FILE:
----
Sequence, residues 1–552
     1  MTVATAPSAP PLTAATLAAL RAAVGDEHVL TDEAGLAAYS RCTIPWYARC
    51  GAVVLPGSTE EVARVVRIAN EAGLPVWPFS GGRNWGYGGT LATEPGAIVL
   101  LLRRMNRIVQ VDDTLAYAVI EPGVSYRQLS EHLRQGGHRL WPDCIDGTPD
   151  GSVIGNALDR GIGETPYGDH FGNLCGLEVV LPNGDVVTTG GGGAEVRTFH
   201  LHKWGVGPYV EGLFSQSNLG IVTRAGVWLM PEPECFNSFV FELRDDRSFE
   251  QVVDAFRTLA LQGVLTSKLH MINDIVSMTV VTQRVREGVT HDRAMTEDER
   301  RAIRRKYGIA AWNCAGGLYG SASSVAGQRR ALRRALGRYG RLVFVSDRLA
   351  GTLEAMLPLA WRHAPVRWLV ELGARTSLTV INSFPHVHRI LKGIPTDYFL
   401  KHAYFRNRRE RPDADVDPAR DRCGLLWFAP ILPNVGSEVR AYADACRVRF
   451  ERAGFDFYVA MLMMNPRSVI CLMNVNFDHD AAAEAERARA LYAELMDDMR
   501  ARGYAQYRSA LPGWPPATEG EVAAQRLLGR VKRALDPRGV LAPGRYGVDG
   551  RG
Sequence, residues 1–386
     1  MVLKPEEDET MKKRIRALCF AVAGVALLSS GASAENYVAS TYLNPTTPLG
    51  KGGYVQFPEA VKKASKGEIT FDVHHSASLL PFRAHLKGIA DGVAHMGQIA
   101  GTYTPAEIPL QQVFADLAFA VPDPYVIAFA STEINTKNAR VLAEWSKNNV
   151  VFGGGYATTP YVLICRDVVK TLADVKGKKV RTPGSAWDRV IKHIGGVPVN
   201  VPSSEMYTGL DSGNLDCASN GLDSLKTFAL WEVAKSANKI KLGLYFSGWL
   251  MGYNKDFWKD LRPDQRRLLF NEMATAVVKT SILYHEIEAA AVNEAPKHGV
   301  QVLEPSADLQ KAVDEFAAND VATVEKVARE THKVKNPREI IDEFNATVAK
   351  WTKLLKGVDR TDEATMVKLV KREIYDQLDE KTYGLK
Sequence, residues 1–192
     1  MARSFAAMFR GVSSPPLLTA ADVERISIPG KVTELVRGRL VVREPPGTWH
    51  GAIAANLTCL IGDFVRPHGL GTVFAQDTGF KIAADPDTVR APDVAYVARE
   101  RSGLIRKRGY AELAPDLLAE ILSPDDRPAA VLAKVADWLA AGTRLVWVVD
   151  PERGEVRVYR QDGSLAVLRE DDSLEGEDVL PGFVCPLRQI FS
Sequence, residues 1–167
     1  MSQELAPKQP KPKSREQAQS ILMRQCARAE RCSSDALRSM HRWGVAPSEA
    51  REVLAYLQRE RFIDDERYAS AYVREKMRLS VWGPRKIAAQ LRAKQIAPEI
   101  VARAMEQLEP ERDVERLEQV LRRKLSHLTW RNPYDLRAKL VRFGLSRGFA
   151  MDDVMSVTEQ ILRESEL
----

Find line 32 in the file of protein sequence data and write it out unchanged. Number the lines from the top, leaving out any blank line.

   151  MDDVMSVTEQ ILRESEL